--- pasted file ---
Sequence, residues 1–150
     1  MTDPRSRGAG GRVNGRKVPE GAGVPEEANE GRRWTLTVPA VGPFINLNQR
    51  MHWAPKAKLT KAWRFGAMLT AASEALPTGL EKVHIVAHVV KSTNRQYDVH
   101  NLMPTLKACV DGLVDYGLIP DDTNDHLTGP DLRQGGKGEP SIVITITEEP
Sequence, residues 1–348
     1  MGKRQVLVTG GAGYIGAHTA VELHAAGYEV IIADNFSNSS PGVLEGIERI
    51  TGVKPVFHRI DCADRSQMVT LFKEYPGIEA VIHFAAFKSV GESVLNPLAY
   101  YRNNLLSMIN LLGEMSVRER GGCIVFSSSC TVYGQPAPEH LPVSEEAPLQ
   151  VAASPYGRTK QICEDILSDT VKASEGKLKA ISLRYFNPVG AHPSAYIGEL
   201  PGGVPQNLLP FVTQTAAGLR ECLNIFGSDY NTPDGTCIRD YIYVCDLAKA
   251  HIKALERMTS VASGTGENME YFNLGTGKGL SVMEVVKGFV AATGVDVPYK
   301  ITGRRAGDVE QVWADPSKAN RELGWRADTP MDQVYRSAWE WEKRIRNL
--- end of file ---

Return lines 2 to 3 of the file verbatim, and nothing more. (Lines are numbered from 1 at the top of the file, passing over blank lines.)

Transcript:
     1  MTDPRSRGAG GRVNGRKVPE GAGVPEEANE GRRWTLTVPA VGPFINLNQR
    51  MHWAPKAKLT KAWRFGAMLT AASEALPTGL EKVHIVAHVV KSTNRQYDVH